In addition, there is an option to control the prediction types generated by the PFA. For example, you might prefer a multinomial glmnet model to return the predicted probabilies of each class, or you might prefer the PFA to return only the predicted class. The new pred_type option allows users to specify this behavior. There is also an argument cutoffs which is helpful for classification problems where the user might not want to use the default cutoff for determining the predicted class. For example, typically in binomial classification if the predicted probability exceeds 50%, then that class is predicted. Now, the cutoffs function allows predicted classes to be chosen whenever the ratio of predicted probability to the cutoff is highest. This strategy was adopted from randomForest.predict().

# generate data
x <- matrix(rnorm(100*3), 100, 3, dimnames = list(NULL, c('X1','X2', 'X3')))
g3 <- sample(LETTERS[1:3], 100, replace=TRUE)

# fit multinomial model without an intercept
multinomial_model <- glmnet(x, g3, family="multinomial", intercept = FALSE)

# convert to pfa, where the output is the predicted probability of each class
# the cutoffs specify that the predicted class should be the one 
# which is the largest relative to its specified cutoff.
multinomial_model_as_pfa <- pfa(multinomial_model, 
                                pred_type = 'response', 
                                cutoffs = c(A = .1, B = .2, C = .7))

S3 Methods to Extract and Build Models

In addition to new model producers S3 methods generic functions have been introduced as extract_params() and build_model() to provide a consistent way to retrieve model information that could be contructed into a PFA document. The purpose of having a consistent API is to better facilitate building PFA from model components whenever the user does not want to use a pre-canned producer.

# generate data
dat <- data.frame(X1 = rnorm(100), 
                  X2 = runif(100))
dat$Y <- ((3 - 4 * dat$X1 + 3 * dat$X2 + rnorm(100, 0, 4)) > 0)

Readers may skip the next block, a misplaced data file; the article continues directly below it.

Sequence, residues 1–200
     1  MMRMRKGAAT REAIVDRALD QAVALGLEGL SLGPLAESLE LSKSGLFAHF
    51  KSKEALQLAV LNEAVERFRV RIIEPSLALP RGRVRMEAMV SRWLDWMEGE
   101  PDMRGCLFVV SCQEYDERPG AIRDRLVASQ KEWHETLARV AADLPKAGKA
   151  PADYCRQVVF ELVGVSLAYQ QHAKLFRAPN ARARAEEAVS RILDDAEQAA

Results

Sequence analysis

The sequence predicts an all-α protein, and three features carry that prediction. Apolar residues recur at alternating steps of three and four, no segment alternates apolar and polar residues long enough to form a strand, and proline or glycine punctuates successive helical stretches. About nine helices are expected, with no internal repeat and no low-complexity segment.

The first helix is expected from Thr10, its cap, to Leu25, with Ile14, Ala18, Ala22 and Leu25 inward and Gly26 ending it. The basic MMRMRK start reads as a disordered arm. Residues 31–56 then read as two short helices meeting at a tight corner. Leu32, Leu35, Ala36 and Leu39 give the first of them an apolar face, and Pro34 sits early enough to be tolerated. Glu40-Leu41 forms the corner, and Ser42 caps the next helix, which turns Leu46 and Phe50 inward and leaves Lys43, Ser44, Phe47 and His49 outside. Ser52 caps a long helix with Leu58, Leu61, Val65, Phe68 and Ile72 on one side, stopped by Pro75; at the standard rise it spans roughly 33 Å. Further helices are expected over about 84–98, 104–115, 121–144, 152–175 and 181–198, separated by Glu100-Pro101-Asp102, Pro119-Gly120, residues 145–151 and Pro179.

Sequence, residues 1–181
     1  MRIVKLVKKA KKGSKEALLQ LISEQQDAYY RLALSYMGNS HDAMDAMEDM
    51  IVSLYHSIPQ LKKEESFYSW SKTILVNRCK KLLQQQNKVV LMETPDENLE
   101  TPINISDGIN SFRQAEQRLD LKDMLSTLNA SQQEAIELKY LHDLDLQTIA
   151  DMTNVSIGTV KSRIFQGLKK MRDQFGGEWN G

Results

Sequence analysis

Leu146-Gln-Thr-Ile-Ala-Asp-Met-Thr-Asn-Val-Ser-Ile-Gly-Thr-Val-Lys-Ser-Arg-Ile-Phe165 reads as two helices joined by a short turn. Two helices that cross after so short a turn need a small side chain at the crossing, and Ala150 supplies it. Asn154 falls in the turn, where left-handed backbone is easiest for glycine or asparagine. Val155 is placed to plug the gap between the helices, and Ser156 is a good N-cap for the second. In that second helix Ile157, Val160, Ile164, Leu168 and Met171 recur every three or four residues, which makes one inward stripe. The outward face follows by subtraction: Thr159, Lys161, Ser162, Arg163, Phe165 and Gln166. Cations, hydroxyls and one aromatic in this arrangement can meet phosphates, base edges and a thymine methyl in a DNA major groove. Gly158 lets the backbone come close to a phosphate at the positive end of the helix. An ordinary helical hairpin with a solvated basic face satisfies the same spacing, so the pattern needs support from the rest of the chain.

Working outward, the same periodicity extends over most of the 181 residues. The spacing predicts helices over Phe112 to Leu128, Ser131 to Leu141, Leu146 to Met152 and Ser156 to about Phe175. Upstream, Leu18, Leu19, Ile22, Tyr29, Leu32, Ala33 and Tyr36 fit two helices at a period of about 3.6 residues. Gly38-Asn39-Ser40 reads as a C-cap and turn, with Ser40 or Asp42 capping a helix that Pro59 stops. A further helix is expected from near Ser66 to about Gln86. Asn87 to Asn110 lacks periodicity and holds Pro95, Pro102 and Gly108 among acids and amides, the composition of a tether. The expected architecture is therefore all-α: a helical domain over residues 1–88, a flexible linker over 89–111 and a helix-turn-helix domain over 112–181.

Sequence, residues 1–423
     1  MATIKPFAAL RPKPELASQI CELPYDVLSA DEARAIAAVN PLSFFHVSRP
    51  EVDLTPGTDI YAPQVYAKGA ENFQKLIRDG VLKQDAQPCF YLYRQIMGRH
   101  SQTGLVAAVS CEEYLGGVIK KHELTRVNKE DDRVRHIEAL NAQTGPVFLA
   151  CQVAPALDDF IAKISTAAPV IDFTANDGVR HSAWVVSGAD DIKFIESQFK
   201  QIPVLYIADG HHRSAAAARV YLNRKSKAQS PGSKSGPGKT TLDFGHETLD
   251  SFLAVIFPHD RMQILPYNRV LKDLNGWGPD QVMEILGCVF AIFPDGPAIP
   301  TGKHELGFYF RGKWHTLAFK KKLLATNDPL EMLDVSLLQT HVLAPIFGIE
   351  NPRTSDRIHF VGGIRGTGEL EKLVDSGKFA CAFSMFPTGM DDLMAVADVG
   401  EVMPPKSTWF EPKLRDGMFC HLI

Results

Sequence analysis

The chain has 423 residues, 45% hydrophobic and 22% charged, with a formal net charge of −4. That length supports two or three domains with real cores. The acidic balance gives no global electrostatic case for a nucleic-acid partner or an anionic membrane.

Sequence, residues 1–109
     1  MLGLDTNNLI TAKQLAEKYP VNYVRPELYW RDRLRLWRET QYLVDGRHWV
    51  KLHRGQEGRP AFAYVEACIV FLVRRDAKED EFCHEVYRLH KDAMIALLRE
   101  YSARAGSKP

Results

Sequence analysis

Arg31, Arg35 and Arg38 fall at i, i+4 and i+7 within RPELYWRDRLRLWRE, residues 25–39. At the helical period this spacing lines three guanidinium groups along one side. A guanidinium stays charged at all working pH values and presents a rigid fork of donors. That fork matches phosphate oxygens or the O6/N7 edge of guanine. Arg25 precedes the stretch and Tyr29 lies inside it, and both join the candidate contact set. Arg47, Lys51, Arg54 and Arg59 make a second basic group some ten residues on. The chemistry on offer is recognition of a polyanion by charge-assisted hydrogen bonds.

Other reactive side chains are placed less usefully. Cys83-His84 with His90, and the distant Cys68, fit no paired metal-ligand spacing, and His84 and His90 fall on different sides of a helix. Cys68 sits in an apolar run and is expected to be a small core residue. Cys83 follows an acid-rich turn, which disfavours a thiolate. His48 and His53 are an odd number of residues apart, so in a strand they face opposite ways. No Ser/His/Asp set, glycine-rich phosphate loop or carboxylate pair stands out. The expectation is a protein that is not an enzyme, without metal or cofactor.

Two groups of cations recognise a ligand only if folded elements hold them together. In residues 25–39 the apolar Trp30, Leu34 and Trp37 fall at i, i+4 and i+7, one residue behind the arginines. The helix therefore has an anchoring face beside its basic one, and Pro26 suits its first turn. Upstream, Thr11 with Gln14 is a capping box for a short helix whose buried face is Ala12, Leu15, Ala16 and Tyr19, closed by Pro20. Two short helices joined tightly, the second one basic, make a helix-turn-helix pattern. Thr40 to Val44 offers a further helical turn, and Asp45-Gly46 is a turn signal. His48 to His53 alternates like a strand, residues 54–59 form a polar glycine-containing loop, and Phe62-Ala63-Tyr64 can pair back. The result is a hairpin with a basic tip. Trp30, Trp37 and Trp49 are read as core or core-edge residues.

# build the model
logit_model <- glm(Y ~ X1 + X2, data=dat, family = binomial(logit))

# extract the parameters

Test Coverage

Unit test coverage has been introduced mainly to test that the PFA produced by the pfa() functions behave similarly to their equivalent predict() functions in R. These tests are an excellent source of examples because they cover most all cases of utilizing the package functions.

Testing Predictions


# generate data
dat <- data.frame(X1 = rnorm(100), 
                  X2 = runif(100))
dat$Y <- 3 - 5 * dat$X1 + 3 * dat$X2 + rnorm(100, 0, 3)

# build the model
lm_model <- lm(Y ~ X1 + X2, data = dat)

lm_model_as_pfa <- pfa(lm_model)
lm_engine <- pfa_engine(lm_model_as_pfa)

# create the sample input vector
input <- list(X1=.5, X2=.5)

# test equality
                            newdata =,
             tolerance = .0001)

Test coverage exists even for functions that are not model producers. For example, their are test cases for using read_pfa() to check that the function behaves as expected for reading PFA from a string, a file, or a url.

Testing read_pfa()

model_as_list <- list(input='double', 
                      action=list(list(`+`=list('input', 10))))

# literal JSON string  (useful for small examples)
toy_model <- read_pfa(paste0('{"input": "double", ', 
                              '"output": "double", ', 
                              '"action": [{"+": ["input", 10]}]}'))
expect_identical(toy_model, model_as_list)

# from a local path, must be wrapped in "file" command to create a connection
file_conn <- file(system.file("extdata", "my-model.pfa", package = "aurelius"))
local_model <- read_pfa(file_conn)
expect_identical(local_model, model_as_list)

# from a url
url_conn <- url(paste0("",
url_model <- read_pfa(url_conn)
expect_identical(url_model, model_as_list)